MONTREAL – Jerry Reeves, professor emeritus in Animal Sciences at Washington State University, won the coveted L.E. Casida Award from the American Society of Animal Sciences for excellence in graduate student training in endocrinology and reproductive sciences. The award was announced during the society’s recent annual meeting held here.
“Training graduate students is our way of ensuring excellence in the industry of the future,” said Dan Bernardo, dean of the WSU College of Agricultural, Human, and Natural Resource Sciences. “It is a priority for the college and WSU, and faculty members of Jerry’s caliber are what make quality graduate education possible.”
Margaret Benson, chair of the WSU Department of Animal Sciences, agreed.
“The Casida Award is one of the most prestigious awards in the society,” she said. “Dr. Reeves’ excellent work with graduate students over the past 30 years has produced a community of expertise that now contributes to science around the globe.”
Prior to joining WSU in 1979, Reeves worked as a postdoctoral fellow with Andrew Schally, co-recipient of the 1977 Nobel Prize in Physiology and Medicine, at Tulane University of Medicine. There he contributed to and expanded upon that Nobel Laureate’s research describing the physiological effects of hypothalamic releasing hormones on reproduction.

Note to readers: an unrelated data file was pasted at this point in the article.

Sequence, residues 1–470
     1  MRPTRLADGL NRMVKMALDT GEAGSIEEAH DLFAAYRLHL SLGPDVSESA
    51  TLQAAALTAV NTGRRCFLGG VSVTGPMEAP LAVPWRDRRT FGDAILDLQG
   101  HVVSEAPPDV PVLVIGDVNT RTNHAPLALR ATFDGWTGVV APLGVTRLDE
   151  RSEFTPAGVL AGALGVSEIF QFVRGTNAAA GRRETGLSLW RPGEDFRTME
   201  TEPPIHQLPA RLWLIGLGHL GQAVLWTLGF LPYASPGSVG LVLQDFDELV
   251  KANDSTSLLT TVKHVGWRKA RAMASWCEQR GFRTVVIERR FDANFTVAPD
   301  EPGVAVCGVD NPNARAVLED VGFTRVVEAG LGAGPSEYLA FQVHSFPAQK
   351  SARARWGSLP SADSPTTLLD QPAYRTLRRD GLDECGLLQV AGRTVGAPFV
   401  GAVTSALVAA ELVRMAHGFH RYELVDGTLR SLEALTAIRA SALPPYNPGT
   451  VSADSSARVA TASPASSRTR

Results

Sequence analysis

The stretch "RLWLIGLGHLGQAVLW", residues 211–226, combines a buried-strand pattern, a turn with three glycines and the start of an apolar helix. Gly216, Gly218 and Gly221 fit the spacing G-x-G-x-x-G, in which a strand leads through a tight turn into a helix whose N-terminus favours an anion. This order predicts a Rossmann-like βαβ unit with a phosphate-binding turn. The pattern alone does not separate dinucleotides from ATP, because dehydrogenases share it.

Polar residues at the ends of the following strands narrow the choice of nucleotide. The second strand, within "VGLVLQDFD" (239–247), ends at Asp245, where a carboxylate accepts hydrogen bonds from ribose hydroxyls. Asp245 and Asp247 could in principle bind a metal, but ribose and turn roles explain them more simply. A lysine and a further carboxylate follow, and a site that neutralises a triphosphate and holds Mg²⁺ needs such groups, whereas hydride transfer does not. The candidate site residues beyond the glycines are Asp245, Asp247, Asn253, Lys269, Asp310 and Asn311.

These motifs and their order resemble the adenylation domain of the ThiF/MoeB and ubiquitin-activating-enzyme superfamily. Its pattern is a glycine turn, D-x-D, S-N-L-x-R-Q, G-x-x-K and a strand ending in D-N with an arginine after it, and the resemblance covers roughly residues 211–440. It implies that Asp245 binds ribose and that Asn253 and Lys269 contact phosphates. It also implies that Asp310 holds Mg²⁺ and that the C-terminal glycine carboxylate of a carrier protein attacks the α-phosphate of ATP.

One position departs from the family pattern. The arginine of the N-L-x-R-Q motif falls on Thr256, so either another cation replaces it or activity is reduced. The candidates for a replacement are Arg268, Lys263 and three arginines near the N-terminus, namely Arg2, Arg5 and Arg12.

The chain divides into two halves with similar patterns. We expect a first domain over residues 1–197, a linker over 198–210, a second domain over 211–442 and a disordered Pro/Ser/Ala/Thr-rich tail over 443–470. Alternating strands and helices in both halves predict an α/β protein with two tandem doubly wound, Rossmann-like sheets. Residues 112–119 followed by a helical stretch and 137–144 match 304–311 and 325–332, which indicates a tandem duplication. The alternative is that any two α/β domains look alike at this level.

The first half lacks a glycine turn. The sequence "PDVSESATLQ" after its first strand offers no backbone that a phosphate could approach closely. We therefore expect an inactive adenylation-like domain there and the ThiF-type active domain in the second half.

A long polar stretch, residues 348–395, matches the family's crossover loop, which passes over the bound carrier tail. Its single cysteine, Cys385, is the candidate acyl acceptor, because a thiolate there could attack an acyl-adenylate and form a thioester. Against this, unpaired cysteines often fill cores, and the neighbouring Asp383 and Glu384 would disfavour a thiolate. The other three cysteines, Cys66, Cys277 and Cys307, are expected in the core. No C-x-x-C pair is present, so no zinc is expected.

Reeves continued that research at WSU, developing significant insights in neuroendocrinology and the endocrinology of reproduction. Although his research focused on cattle, his work also helped to inform broader areas of reproductive endocrinology across multiple species. “Over the years, Jerry and is students have had a significant impact on our understanding of animal physiology with a focus on cattle reproduction and management,” Benson said.
In 2001, Reeves presented the WSU Distinguished Faculty Address. He has been recognized with similar awards for teaching excellence and research productivity. He and his team have published more than 134 peer-reviewed publications; he is considered a leading researcher nationally in animal science, beef and dairy science, reproductive biology, endocrinology and immunology. His publications are highly cited by scientists.
Reeves, who retired from WSU in 2008, received numerous teaching awards at WSU and developed innovative and effective approaches to teaching in the area of animal science that are still in use today. In 2004, he received the Graduate Student Advising Award from the Graduate and Professional Student Association at WSU. During his tenure at WSU, Reeves mentored more than 57 graduate students and five postdoctoral fellows in animal sciences. Those students and fellows currently hold prominent positions in more than 25 different academic institutions and government agencies, or industries throughout the world.
Reeves has served on various committees at the university, government and professional society levels. He has served on several U.S. Department of Agriculture and university peer-review panels, and he has held leadership positions at WSU and in scientific societies such as the American Society of Animal Science and the Society for the Study of Reproduction.
The L.E. Casida Award is given to recognize excellence in the education of graduate and/or post-doctoral students to conduct research in the area of reproductive physiology and endocrinology. It is named for scientist L.E.Casida and the views he expressed in a paper in the Journal of Animal Science in 1966. Recipients receive a medal and a cash award.